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Elderly Guardianship, sometimes called Elder Conservatorship, is a relationship between an elderly person and a legally appointed representative. This guardian can be a spouse, adult son or daughter, adult relative, friend, or other legal representative. After applying for and receiving guardianship, the guardian becomes the responsible party for the elderly person’s health, safety, and well-being. Port Legal can provide advice and instruction regarding how to apply for and be appointed as a legal guardian for your elderly loved one.

Common Questions About Elderly Guardianship

Who needs a guardian? Elderly adults may need a guardian if they cannot effectively and safely meet their health and wellness needs. For example, someone who needs help meeting their physical, mental, hygiene, and nutrition needs may qualify. An elderly guardianship is typically reserved for people whose mental capacities have been reduced enough that another adult needs to step in. On the other hand, a conservatorship is put in place when a person’s mental faculties are strong, but they need physical supervision or support.

Who can be appointed as a guardian? Although the adult children of elderly individuals often become guardians, many different types of individuals can serve in the role, including spouses, partners, family members, adult relatives, friends, and government agencies. In order to become a guardian, you will need to go through a complex guardianship application process, which is reviewed by a judge.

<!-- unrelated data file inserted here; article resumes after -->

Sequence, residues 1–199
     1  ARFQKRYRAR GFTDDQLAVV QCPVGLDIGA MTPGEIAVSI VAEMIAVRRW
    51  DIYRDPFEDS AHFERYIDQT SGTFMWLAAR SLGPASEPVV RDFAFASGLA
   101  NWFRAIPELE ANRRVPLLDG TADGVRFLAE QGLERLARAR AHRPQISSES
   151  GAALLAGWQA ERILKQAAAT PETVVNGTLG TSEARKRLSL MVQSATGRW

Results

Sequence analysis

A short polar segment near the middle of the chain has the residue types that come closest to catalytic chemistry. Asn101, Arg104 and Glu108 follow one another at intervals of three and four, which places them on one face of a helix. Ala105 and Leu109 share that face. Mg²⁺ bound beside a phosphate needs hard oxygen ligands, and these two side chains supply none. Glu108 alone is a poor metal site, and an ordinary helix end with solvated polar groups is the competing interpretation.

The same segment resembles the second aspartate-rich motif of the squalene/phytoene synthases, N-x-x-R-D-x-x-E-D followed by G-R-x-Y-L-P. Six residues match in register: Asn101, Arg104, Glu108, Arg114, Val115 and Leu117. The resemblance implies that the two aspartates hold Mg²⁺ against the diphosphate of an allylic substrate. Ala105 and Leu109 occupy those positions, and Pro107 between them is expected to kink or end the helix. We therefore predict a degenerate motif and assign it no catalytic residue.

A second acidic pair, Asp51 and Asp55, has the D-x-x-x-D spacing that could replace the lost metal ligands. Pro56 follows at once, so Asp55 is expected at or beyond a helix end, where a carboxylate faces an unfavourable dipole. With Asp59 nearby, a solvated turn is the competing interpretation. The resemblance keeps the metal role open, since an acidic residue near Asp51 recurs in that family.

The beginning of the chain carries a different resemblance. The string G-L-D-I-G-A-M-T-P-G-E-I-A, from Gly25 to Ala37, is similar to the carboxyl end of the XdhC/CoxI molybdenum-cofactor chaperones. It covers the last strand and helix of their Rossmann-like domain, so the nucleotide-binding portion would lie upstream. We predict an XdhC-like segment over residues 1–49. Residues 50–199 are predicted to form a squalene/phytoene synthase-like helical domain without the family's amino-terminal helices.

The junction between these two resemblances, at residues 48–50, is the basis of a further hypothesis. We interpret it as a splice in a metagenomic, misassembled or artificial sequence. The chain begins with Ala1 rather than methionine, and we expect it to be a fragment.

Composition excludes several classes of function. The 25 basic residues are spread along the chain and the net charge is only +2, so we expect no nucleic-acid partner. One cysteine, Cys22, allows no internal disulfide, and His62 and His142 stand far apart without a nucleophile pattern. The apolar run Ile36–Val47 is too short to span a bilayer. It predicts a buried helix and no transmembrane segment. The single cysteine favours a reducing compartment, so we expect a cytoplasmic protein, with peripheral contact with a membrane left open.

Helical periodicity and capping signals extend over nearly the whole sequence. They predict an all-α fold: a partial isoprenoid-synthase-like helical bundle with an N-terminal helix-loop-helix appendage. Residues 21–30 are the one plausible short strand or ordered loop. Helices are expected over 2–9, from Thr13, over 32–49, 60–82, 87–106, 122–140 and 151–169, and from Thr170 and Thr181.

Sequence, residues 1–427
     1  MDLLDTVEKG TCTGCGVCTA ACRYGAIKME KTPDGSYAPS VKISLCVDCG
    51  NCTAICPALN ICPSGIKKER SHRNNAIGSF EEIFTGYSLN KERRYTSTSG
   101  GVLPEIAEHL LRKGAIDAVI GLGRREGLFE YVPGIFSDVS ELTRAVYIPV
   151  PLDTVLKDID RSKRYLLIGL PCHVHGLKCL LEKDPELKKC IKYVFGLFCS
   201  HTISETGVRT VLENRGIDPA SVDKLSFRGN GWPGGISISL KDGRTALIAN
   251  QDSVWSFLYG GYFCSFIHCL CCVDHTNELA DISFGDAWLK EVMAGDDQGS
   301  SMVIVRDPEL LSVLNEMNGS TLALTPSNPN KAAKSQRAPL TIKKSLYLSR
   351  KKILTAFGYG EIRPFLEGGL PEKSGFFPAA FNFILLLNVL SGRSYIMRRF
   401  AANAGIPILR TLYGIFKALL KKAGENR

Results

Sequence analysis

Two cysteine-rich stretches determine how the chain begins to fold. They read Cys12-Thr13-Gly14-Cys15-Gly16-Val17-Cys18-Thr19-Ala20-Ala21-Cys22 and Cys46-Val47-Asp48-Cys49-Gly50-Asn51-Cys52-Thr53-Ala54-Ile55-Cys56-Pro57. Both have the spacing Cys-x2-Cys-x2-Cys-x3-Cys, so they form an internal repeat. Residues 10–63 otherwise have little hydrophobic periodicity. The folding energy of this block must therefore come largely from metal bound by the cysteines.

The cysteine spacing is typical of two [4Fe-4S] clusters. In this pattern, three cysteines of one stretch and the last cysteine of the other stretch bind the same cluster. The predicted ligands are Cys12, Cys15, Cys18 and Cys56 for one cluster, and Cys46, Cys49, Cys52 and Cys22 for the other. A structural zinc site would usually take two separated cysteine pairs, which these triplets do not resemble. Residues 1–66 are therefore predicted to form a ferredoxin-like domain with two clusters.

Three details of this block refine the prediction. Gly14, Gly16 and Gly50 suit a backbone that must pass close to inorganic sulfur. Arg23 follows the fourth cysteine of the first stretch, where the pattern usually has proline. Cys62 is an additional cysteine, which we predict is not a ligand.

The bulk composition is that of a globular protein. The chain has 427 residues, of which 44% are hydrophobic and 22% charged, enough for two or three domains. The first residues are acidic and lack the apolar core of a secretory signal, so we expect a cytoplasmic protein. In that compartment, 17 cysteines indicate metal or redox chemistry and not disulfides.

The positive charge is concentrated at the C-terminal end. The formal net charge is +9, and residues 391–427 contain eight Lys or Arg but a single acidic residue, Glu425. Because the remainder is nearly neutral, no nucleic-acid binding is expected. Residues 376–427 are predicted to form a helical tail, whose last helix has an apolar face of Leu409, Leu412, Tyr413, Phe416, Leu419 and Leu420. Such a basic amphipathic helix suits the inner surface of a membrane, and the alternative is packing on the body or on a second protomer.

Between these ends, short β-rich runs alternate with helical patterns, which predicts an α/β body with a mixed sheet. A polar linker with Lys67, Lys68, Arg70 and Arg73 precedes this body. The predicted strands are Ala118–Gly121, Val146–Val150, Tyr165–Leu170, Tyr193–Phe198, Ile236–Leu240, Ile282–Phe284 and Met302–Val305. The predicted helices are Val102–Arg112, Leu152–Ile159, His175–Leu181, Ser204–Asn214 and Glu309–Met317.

What does a guardian do? Essentially, the guardian’s job is to prioritize the needs of the elderly individual they are responsible for. When you take on the role of elderly guardian, you promise to make sure the person’s physical and psychological needs are met, and that the person lives in a safe environment. Sometimes this means being a caregiver, but it may also mean selecting competent caregivers in the home or a long-term care facility.

There are four types of guardianship

Person and/or estate

This guardian protects and controls the persona needs of a ward or the assets of the ward.


This guardian’s authority is limited to certain purposes; any powers that the guardian are not granted are retained by the ward.


This guardian is court appointed for a short time only, typically after a guardian is no longer able to serve or is removed. The ward or the ward’s family do not have to be informed of this appointment, which lasts until a hearing determines who will be appointed to be the successor.


In the event of an emergency, the court appoints an individual without notice to the ward or their family. This guardian serves for a short period of time to protect the interests of the ward or the estate of the ward.

How Do You Plan For End of Life For a Loved One in Hospice or Palliative Care

Looking for solutions for your loved one? Our free guide can help you in planning and managing legal affairs.

How Can an Elder Care Law Attorney Help You?

An elder care law attorney will not just help you create an estate plan, they will walk you through the personal care matters that often come up as we age. It’s also important to note that elder care law attorneys can be appointed as guardians as well, if they are properly trained and best suited to the task. 

Personal protection, care, and the complexities of Medicare and Medicaid are all within the purview of an elder care law attorney. They have the experience and knowledge that you need to navigate the challenges that accompany aging.


Need Help with Elder Care?

Port Legal offers free consultations with our knowledgeable
elder care law attorney.

Fill out the form for more information or call 614-310-3110.

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